Like we said earlier, the most shocking part about last night’s shock-tastic episode of Work of Art was the two artists who were given the boot.
We chatted with performance artist Nao earlier about butting heads with the judges and the enigmatic live sculpture that ultimately got her the ax. The work that resulted in John Parot’s elimination, however, was more or less on the opposite end of the spectrum. For his shock art, Parot chose to meditate on a friend whose unique ability to self-pleasure has rendered him a social recluse. The cartoonish illustration (surrounded by a list of auto-fellatio instructions) didn’t sit well with the judges. We asked Parot why.
You expressed some initial concerns over this challenge. You said, “I’m not really into making shocking artwork. Being gay, people are always noticing what you do anyway, so I don’t want any unnecessary attention by doing shocking things.” Where does that sentiment come from?
Well, my subject matter with my art is gay culture and its effect on straight society. So when I’m asked to make something shocking and Andres Serrano is like, “Make some good shit!” I was kind of thinking, “Oh God! I don’t want to do a shocking piece of artwork!” I mean, nothing is shocking in this day and age and I think we all kind of failed. I thought maybe I could take a cliché shocking image and make it more poignant and make it humorous to give it more depth instead of it being this random shocking act. I wanted to give it more layers and more interest. That’s why I chose the subject I did. I called it a modern Narcissus. I was referring to the Greek myth and what that would look like today. I thought I did an okay job, and I was kind of shocked at the outcome. I thought my piece was multidimensional. The judges didn’t agree and that’s fine, but I felt like I’ve been making artwork for so long and making something specifically shocking was a challenge a real artist wouldn’t do.
You don’t wake up in the morning and say, “I’m going to make something that’s going to shock the world today!” It’s an unnatural request. I make artwork to let people inside of my world and my brain, what I’m thinking, how I react to things in the world. It’s like a window to my personality. My piece kind of touched that. Yeah, it’s shocking. But whatever. Nothing’s shocking, at least not in my world. I’ve seen people O.D. in clubs — is that shocking? Well, it happens every week in the gay culture. And you’re dealing with a primarily over-45 judges panel. Andres Serrano, I think, is in his 50s; Jerry’s old; Jeanne Rohatyn is an older woman … and they’re all straight! I found it extremely challenging to deal with this cast of older judges who really don’t know my culture of being gay. I had my work cut out for me at this point — I don’t know what a 50-year-old man or woman finds shocking anymore, you know? That’s kind of what I was thinking about.
You said the idea was based on a true story and that one of your friends actually trained himself to be able to do this. How did your friend feel about his cameo?
I explained the whole piece to the judges and that was seriously edited out. But this piece is about a friend I knew who was able to do the act, yes, and then was so into doing the act that we never saw him. He kind of faded away from our group of friends and this self-satisfying act was kind of his demise. And now no one really knows where he is. He sort of disappeared and that was sad. And I thought of a modern-day Narcissus — instead of staring himself in a lake forever and ever he’s forever self-satisfying to the point where he lost all contact with his friends and family. We tried to be like, “Hey! We’re having a party, you should come!” And he would say, “No, I’m staying home … ” That sort of thing. So that shocked me — that he gave up his friends and family and completely withdrew from society over his ability to self-satisfy!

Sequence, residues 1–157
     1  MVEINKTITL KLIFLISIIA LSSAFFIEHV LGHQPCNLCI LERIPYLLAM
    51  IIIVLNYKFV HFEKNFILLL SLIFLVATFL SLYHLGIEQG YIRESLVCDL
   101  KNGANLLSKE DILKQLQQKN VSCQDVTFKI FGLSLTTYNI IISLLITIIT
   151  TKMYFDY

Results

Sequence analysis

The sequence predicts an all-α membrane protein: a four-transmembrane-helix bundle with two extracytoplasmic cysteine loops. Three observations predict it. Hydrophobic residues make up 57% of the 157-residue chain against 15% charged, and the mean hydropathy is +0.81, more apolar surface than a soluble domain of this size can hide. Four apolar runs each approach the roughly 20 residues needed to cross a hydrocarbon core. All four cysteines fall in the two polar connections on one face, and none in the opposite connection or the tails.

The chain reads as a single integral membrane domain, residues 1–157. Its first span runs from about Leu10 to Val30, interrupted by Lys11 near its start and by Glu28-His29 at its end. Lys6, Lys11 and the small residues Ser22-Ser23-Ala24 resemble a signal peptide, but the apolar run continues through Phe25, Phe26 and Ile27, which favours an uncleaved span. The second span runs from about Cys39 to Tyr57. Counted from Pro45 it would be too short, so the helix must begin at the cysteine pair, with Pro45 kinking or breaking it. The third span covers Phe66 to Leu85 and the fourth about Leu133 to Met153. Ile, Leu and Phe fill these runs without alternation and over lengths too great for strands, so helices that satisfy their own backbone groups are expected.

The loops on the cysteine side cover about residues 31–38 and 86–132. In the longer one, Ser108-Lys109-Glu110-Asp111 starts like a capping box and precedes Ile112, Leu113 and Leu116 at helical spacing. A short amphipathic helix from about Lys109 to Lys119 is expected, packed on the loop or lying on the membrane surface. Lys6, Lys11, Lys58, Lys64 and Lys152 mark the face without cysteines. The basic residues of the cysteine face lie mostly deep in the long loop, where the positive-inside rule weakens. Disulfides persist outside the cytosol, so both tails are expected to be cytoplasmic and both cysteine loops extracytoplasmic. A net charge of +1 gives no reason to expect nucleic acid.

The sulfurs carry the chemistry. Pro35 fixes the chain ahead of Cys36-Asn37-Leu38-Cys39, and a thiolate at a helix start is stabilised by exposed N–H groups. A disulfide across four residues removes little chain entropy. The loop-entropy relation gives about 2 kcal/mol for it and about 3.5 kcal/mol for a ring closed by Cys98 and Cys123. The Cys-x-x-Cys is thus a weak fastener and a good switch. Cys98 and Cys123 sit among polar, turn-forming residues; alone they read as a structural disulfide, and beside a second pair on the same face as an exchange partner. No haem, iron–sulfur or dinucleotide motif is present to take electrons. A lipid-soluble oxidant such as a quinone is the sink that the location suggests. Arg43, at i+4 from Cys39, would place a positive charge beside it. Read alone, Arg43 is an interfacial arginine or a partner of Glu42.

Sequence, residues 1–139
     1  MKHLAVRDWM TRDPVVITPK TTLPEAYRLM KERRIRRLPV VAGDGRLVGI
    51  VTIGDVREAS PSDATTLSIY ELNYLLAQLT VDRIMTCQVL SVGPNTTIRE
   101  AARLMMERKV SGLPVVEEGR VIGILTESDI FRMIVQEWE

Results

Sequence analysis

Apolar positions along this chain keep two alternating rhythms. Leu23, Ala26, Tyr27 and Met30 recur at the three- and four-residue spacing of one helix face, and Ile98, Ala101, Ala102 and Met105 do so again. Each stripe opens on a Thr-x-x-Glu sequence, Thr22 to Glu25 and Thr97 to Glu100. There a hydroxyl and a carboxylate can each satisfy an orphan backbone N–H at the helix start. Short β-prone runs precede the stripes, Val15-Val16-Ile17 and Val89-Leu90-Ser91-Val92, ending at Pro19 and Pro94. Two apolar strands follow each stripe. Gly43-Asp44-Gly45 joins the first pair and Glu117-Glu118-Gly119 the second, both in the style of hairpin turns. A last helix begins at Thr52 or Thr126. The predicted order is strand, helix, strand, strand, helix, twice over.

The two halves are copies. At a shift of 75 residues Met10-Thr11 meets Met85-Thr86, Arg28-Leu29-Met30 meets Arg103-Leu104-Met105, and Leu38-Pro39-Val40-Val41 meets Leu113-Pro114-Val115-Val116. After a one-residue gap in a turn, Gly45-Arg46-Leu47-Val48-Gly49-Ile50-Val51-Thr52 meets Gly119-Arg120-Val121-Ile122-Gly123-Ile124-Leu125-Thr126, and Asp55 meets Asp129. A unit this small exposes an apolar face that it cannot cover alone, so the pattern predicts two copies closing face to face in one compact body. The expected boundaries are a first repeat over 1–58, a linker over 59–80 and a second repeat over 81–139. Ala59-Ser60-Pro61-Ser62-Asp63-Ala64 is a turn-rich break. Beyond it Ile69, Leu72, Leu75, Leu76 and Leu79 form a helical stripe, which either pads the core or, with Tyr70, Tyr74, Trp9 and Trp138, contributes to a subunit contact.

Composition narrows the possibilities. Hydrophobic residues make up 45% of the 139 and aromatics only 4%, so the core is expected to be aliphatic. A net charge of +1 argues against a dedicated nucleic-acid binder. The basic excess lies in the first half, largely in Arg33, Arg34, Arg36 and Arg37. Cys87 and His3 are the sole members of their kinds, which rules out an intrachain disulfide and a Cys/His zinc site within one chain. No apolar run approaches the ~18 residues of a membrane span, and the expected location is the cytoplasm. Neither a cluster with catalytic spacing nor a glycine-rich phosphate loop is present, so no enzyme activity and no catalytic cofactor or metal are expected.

I know! To me, that’s shocking. Unfortunately, I don’t think the judges got it. It’s this trivial shocking act, but I thought I could give it a more poignant message. The words around the image tell you how to get in the position but the last steps are like, “Your family and friends,” and step five is “Slowly Disappear.” It was kind of my ode to mythology and trying to make it new. I was really excited about the story and excited about telling this to the judges. It’s not something I would do in my normal art-making practice. Like I said before, I don’t wake up and go to the studio and want to make something shocking for my viewer. I do want to put them into my world and show them my reaction to the things that happen in my culture. That’s a lot more exciting. My goal is not to shock my audience.
Well, on that note, how do you feel about Serrano’s work? Do you enjoy it? Is it something that shocks you?
I just turned 40 this year, so I was very into art in the eighties. I was just coming onto the scene and going to art school, and I actually saw him speak at the Museum of Contemporary Art in Chicago. Andres Serrano is an artist and I find artists fascinating. I get Piss Christ; I get the KKK; I get the “Shit Show.” I have a lot of photographer friends, and I’ve seen a lot of his shows, and I’ve read a lot of commentary about his work. There are some shots that I like, and there are some shots that I don’t like. He’s not one of my favorite artists, but I’m definitely aware of what he does in the art world. As a person, we didn’t really connect on the show. But I’m a fabulous gay guy. And if he was flirting with China Chow, what can you do?